Dziubinski: And then lastly, Christine, let's talk a little bit about what not to do with your cash reserves. Are there any account types that maybe if you're really looking for a safe investment, this is not where you should be looking?
Benz: Well, a couple of categories, Susan. I would say short-term bond funds would be one category. You will see somewhat nicer yields there, but you certainly do not have guarantees. Short-term bond funds have had some losses so far in 2022, so I would resist the urge to gun for a little bit more yield in any sort of bond fund. And then another category I always like to call out in this context is brokerage sweep accounts, which sit side by side with your investment accounts and typically receive in common dividend distributions, notoriously low-yielding account types. So if you have that sweep account and you're using it for convenience, just be sure to clear the money out of there periodically because the yields are really, really paltry.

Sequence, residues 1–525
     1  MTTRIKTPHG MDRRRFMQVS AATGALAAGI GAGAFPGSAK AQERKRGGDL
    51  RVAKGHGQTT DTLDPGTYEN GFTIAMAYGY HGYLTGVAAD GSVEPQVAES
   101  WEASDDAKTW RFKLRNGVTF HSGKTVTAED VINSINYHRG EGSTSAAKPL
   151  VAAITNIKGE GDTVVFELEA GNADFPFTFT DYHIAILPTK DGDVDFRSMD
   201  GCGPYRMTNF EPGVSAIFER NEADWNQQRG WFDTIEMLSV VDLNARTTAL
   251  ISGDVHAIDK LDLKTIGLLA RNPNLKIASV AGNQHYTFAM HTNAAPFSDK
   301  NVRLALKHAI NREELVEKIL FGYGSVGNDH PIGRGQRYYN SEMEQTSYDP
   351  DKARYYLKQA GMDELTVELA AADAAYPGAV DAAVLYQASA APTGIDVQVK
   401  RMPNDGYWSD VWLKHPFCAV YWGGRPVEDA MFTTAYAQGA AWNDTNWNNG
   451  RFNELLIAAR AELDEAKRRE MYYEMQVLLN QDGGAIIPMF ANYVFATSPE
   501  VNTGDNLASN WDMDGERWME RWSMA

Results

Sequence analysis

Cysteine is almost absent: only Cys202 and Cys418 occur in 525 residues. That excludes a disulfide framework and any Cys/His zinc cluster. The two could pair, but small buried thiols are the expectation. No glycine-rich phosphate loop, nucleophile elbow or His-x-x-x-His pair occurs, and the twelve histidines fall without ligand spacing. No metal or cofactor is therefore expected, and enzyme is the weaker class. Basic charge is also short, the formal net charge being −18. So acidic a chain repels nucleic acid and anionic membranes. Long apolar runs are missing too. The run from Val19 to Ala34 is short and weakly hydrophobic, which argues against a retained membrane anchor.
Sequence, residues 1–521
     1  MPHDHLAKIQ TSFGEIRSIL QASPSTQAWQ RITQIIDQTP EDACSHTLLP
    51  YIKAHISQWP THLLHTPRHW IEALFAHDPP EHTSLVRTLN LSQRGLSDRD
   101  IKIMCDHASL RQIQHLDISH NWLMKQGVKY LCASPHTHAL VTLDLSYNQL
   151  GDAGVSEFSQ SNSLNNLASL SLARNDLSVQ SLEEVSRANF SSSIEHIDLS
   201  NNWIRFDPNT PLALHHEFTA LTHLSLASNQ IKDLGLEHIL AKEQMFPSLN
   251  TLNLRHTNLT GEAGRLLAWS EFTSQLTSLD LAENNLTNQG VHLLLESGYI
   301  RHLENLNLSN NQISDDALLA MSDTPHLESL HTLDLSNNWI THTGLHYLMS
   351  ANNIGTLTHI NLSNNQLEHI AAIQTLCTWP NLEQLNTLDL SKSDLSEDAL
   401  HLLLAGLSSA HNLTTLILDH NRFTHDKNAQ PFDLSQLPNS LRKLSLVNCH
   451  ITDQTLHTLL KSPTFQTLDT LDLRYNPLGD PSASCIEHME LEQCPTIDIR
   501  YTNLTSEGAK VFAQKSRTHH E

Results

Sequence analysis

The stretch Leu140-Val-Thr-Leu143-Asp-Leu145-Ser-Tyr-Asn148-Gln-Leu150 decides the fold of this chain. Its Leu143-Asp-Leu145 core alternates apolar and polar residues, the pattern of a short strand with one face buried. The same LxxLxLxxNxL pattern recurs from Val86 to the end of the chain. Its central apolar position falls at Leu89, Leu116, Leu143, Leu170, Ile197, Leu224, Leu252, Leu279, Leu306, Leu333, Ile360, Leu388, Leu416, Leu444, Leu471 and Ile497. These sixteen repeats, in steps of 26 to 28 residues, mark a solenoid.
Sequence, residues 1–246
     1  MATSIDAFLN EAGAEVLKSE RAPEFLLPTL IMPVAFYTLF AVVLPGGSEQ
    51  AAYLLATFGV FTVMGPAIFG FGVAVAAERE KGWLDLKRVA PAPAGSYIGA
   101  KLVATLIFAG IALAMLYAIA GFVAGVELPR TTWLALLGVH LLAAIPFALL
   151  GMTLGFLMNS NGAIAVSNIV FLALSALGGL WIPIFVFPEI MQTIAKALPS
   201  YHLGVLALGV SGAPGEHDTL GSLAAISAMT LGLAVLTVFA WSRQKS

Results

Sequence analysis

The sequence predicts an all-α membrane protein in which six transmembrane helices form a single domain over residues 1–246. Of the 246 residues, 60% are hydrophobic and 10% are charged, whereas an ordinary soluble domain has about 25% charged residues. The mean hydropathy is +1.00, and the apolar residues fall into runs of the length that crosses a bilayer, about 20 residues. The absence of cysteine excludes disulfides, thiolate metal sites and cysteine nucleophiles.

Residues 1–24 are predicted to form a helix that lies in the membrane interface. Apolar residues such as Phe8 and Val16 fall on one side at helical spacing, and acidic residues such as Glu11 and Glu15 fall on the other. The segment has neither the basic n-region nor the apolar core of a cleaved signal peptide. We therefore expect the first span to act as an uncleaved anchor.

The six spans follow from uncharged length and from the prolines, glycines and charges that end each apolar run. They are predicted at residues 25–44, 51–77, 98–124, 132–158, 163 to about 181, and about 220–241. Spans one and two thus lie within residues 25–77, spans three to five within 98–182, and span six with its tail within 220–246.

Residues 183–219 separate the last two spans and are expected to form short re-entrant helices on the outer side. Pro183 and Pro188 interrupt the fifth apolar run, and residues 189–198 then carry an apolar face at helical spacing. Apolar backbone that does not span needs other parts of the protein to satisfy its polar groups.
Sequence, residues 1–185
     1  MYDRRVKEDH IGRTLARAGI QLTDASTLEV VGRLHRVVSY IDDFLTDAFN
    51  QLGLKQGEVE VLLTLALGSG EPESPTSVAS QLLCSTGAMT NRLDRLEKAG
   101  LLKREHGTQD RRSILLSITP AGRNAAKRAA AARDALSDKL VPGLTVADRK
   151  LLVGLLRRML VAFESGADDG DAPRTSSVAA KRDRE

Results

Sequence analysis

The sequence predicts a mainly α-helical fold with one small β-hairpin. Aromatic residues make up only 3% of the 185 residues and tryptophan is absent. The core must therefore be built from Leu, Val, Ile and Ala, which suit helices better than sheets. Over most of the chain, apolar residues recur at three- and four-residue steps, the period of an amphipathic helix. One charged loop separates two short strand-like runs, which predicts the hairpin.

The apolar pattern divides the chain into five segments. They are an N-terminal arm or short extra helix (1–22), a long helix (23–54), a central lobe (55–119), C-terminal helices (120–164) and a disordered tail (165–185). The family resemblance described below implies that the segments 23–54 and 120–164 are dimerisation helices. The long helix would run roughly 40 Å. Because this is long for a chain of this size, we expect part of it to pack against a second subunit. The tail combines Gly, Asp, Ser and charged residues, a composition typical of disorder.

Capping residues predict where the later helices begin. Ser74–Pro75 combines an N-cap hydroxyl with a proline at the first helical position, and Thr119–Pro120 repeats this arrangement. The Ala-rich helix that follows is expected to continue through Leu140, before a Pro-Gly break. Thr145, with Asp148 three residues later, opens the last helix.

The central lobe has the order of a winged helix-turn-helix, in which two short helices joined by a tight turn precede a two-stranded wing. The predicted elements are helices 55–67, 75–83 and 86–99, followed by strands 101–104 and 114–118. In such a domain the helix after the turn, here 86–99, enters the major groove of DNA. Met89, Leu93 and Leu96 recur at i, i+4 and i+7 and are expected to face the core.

Dziubinski: Christine, thank you for your perspective today. And I guess a little bit of good news in today's market, right?
Benz: We'll take it.
Dziubinski: We'll take it where we can get it. Thanks for your time.
Benz: Thank you, Susan.
Dziubinski: I'm Susan Dziubinski with Morningstar. Thanks for tuning in.